A judge has ruled that a diocese in Texas which broke away from The Episcopal Church over theological differences is the rightful owner of its church property.

Judge John Chupp of Tarrant County ruled Wednesday that All Saints Episcopal Church belongs to the…Diocese of Fort Worth rather than the national denomination.

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Posted in * Anglican - Episcopal, * Christian Life / Church Life, * Culture-Watch, Episcopal Church (TEC), Ethics / Moral Theology, Law & Legal Issues, Parish Ministry, Presiding Bishop, Stewardship, TEC Bishops, TEC Conflicts, TEC Conflicts: Fort Worth, TEC Polity & Canons, Theology

A S Haley””The Episcopal Church is Making a Mishmash of Marriage (Part III)

The fundamental problem of adapting traditional Christian marriage (“Holy Matrimony”) to same-sex unions is that the theology of the former turns into blasphemy when the rite is carried over, holus-bolus, to the latter. Begin with St. Paul’s Epistle to the Ephesians: [ ]
By undermining the orthodoxy of traditional marriage, by emphasizing the ability of couples to make cafeteria choices of how the Church (and, presumably, God) will bless and solemnize their relationships, the Church will knock out the very props that hold up the traditional family, by treating them as no more important than any other commitment that can be imagined between two people.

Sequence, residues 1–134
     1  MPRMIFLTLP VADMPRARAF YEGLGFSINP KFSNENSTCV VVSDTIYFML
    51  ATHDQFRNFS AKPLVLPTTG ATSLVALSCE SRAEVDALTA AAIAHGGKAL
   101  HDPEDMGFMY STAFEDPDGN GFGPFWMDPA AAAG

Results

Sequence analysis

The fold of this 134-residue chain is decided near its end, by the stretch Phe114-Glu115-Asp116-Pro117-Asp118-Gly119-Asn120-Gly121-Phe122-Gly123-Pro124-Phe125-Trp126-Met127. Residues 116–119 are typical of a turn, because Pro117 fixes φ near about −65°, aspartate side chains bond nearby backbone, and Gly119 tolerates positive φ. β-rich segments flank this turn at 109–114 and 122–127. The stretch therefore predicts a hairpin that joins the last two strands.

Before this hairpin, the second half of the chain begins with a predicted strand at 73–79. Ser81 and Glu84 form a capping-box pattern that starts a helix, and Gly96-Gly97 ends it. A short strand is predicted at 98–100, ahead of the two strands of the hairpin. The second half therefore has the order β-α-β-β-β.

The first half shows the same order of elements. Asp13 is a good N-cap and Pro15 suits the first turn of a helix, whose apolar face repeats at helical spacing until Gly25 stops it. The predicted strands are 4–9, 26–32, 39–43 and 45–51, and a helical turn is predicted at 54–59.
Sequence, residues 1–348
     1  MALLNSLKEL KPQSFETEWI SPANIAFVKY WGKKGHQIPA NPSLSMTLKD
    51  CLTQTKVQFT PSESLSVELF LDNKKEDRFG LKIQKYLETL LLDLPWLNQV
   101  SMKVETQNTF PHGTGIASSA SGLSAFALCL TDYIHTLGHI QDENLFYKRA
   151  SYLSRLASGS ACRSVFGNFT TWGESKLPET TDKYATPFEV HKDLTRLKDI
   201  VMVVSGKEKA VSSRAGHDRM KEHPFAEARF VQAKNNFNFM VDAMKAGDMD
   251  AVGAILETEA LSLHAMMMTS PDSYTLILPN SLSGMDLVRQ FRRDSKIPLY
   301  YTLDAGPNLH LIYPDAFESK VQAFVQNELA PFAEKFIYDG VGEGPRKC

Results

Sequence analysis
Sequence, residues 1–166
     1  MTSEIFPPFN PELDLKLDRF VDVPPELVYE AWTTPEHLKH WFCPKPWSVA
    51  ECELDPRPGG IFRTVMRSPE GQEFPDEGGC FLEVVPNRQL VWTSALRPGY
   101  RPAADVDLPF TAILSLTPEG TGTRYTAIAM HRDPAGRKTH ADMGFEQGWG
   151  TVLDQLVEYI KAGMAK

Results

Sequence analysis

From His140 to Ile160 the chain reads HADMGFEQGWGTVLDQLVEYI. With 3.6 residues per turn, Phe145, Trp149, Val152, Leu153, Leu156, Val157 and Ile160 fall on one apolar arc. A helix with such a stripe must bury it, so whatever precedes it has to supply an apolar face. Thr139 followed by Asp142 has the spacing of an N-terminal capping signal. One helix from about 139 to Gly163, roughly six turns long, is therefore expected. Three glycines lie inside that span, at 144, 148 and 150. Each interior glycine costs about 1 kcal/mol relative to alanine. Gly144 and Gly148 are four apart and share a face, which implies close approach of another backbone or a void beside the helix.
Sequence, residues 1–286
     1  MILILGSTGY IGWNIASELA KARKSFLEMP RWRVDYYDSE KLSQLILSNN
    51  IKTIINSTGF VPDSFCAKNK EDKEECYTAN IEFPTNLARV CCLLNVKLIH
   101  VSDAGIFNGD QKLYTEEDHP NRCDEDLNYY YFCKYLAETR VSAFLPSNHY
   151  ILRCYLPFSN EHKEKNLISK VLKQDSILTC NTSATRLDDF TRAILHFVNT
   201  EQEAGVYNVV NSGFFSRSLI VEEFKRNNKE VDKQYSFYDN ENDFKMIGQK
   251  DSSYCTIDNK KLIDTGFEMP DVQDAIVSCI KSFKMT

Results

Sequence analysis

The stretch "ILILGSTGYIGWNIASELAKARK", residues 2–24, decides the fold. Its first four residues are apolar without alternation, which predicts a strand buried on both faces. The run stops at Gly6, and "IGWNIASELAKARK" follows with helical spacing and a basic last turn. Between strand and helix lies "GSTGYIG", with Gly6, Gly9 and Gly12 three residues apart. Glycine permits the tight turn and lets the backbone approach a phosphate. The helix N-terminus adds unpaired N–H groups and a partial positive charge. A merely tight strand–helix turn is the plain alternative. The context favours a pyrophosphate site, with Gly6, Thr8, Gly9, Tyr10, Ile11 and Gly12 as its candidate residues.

And in undermining the family, the Church will complete its own undermining, because it is the family that enables the very existence and support of the Church itself. As the percentage of families in a congregation drops, so does its ability to provide continuity from one generation to the next. And once it loses the ties that bind it to previous generations, the Church itself will no longer have reason to exist. (Remember that religio, the source for our “religion,” means “I bind again.”)

Thus the Episcopal Church 2015 is at a watershed, and the way it handles marriage will define its own future. It cannot remain true to St. Paul’s mystery of the marriage covenant while riding the bandwagon for same-sex blessings and marriages: the two are fundamentally and unalterably incompatible

Read it all and also Part I and Part II

Posted in * Anglican - Episcopal, Episcopal Church (TEC), TEC Polity & Canons

[ACI] Excluding Your Enemy: A Comment on the Present State of the Episcopal Church

By Philip Turner and Ephraim Radner
We write to bring to the attention of the Bishops, Priest, Deacons and Lay Persons of The Episcopal Church (TEC) a matter of grave concern. It is a matter that, left unaddressed in the decision-making of General Convention, now threatens the integrity and public witness of everyone who calls him or herself an Episcopalian: is our church prepared to permit in its midst clergy and lay leaders who, however much they represent a minority opinion, are committed to a traditional reading of TEC’s Prayer Book and Constitution? Or will TEC instead seek to drive such persons out, by invective, discrimination, and abuse of the disciplinary canons?